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Five Wines Under $20 to Drink Right Now

Jon Bonné goes shopping for the bottles that over-deliver for under $20.

Bargain” is perhaps the worst of wine words. It holds all the wrong connotations, in that “bargain wine” is code for something made with the lowest common denominators: cheap, cynical, industrially produced.

“Value” indicates something different. It’s an x-ray of a wine’s innate worth. The quality of being cheap isn’t what matters, so much as a wine over-delivering on pleasure-per-dollar. It’s an essential idea. So, with summer upon us and much drinking to do, what better time to revisit it?

Below are five wines under $20 that prove that there’s no secret to making these wines. Find decent fruit. Make wine from it relatively simply. Don’t overshoot your goals.

Miotto Prosecco Col Fondo "ProFondo"

No secret that we’re fans of col fondo prosecco at PUNCH. This method, in which the wine gets a second fermentation in bottle the same way that Champagne does, is the one thing to elevate prosecco from the oceans of bad in which it so often swims. Col fondo is, however, a more spendy way to make a wine synonymous with bottomless mimosas. So while the Miotto isn’t the most profound example ever, it hits the basics super well: bright, lemony and refined, with that subtle prosecco sweetness, and the cloudy, creamy aspect that defines col fondo.

  • Price: $14
  • From: Summit Selections

Casale Marchese Frascati Superiore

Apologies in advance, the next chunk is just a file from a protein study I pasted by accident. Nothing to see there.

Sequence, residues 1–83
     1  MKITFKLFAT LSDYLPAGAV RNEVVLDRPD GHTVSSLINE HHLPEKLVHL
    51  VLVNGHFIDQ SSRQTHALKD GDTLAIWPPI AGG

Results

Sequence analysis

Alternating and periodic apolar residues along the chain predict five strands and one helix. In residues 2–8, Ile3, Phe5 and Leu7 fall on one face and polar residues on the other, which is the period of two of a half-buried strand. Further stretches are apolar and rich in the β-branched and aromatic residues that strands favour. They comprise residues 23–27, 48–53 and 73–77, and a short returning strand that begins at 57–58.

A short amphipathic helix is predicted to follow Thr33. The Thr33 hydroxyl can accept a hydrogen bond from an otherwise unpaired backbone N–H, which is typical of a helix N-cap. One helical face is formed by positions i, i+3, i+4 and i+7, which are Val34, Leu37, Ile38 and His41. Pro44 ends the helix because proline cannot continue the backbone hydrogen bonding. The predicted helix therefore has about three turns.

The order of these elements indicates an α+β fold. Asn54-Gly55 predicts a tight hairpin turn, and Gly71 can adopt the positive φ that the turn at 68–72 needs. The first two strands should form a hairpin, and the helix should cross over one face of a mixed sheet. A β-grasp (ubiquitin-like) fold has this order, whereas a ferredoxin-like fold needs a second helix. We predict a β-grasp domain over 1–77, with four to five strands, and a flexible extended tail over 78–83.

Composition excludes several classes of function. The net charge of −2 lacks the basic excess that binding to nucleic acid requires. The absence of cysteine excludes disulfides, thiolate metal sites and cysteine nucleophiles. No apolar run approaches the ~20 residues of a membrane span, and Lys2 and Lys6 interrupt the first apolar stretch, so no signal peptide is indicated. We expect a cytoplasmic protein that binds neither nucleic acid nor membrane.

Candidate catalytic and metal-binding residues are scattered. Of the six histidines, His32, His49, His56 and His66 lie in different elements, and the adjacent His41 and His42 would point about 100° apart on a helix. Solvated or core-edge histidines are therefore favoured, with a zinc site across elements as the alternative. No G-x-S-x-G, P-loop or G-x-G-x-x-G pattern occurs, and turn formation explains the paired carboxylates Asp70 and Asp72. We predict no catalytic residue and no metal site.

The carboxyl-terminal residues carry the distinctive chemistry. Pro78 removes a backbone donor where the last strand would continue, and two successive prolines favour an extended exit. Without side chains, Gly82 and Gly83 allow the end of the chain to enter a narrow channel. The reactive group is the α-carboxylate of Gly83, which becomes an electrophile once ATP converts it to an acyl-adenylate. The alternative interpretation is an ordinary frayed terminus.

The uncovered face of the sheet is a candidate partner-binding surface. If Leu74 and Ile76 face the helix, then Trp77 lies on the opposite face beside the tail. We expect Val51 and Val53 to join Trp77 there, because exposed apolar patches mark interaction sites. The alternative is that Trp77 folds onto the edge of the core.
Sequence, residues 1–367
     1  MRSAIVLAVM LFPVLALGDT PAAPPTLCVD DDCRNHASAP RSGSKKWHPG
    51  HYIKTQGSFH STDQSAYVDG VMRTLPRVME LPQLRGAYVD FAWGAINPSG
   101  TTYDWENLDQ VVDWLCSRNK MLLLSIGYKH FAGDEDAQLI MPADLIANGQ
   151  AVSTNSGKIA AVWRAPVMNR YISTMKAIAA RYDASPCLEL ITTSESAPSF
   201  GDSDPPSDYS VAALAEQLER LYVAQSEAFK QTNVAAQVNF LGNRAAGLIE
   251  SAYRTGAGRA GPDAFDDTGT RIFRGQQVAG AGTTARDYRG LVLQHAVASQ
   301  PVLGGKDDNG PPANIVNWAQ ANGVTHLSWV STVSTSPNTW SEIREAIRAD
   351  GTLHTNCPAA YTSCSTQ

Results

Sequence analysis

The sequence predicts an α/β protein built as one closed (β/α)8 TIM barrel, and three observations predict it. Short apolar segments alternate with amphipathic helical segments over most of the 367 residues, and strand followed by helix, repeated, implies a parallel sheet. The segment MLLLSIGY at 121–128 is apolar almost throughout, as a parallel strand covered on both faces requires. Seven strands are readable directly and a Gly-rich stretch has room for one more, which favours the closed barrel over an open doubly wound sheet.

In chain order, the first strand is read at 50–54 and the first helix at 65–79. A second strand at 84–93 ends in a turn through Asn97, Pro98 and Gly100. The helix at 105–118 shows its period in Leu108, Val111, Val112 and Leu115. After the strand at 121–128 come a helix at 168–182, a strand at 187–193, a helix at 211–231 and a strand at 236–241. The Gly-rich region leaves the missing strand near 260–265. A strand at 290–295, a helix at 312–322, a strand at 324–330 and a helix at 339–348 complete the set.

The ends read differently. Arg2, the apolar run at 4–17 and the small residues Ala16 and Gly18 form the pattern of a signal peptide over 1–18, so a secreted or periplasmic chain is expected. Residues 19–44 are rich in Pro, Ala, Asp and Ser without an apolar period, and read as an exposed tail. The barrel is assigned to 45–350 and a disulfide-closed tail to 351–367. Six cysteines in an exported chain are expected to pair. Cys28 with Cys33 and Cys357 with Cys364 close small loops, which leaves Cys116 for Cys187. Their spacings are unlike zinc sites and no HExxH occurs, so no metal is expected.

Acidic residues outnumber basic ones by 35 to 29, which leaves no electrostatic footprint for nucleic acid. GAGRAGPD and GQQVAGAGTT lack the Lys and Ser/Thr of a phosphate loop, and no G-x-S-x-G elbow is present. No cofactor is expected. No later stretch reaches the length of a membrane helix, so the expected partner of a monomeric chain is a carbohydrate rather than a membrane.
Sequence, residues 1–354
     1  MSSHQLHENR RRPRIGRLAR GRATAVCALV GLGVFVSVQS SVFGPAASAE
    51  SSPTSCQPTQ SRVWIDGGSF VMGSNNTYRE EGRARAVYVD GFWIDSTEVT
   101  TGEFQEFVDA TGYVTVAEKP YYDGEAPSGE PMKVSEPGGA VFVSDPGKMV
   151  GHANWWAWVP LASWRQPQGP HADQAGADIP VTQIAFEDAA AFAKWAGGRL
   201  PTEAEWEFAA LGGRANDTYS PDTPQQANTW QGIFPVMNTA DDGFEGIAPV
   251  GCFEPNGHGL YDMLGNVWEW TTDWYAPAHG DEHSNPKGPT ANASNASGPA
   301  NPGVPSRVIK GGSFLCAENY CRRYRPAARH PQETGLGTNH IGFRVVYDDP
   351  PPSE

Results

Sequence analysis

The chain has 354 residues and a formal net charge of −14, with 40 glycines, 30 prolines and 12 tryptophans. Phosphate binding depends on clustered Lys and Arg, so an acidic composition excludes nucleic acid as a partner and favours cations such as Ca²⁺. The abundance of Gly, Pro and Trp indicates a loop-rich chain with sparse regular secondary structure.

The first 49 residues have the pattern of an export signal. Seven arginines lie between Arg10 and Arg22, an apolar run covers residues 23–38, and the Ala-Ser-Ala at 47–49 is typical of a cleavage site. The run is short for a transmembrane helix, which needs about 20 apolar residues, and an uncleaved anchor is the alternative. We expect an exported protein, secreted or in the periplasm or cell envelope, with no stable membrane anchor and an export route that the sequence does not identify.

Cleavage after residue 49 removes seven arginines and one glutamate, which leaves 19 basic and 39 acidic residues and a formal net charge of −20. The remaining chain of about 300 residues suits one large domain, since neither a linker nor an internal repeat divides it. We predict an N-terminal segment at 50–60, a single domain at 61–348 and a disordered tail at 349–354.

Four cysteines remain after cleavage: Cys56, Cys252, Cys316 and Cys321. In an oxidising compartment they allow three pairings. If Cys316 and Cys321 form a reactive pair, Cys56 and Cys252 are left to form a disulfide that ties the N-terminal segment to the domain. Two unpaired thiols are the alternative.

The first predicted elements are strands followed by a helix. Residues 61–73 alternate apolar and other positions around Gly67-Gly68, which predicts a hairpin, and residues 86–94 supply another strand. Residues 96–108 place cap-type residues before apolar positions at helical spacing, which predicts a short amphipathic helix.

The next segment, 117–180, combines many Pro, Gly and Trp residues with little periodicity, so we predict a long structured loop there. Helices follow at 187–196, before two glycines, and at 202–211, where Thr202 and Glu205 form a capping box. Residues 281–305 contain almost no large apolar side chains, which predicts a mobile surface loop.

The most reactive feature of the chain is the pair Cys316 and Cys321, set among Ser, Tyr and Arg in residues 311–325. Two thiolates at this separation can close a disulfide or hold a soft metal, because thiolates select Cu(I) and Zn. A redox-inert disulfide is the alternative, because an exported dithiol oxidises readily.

I drink a lot of this wine when I find it, because Frascati, the classic wine of the Roman trattoria, deserves a better fate than the dustbin of Italian wine history it’s been swept into; and because good Frascati ticks all the white-wine boxes: It’s fresh without being shrill, full-textured without being boring. The Marchese often has a lemon-oil side to it that feels right for grilled fish, and it delivers with remarkable consistency.

  • Price: $12
  • Vintage: 2016
  • From: Polaner Selections

Vigneto Saetti Lambrusco Dell'Emilia "Rosso Viola"

The sparkling (typically) red called lambrusco remains one of Italy’s great underrated pleasures. But the few made “naturally”—i.e., without added sulfur dioxide—can be, shall we say, challenging. Luciano Saetti is generally the most successful with this approach. This latest vintage is chewy, almost bark-like—Saetti is always this way—with ripe plum fruit and a sense of cool clay minerality (like, wet clay). Its textured label, wine’s equivalent of a velvet Elvis painting, is still very much present.

  • Price: $19
  • Vintage: 2017
  • From: Louis/Dressner Selections

Castello di Farnetella Chianti Colli Senesi

Chianti, can you ever be redeemed?  There are a lot of reasons why Chianti is primordially uncool today, but that doesn’t mean it shouldn’t be enjoyed. And while the Colli Senesi, in the hills around Siena, is the most Lebowski-esque (read: ambition-free) of Chianti’s subzones, it too has its pleasures. Like this property, owned by the important house Felsina. Its straightforward bottling is chewy, tobacco-edged, with bright cherry fruit and that essential dustiness—exactly the sort of clean, no-makeup Chianti that could mount a revival.

  • Price: $15
  • Vintage: 2015
  • From: Polaner Selections

De Forville Barbera d'Alba

At a moment when there’s plenty of cash-money to be made in Piedmont, the Barbaresco house of De Forville takes the noble step of being serious about its lesser wines—and not charging a lot for them. Their basic nebbiolo d’Alba remains a screaming value, but their barbera, in particular, avoids the tendency to fancify this grape. It’s not a small wine (14 percent alcohol) but it’s shimmering with energy—all ripe black fruit, a toasted poppy-seed spice and that unmistakable barbera acidity.

  • Price: $17
  • Vintage: 2017
  • From: Rosenthal Wine Merchant

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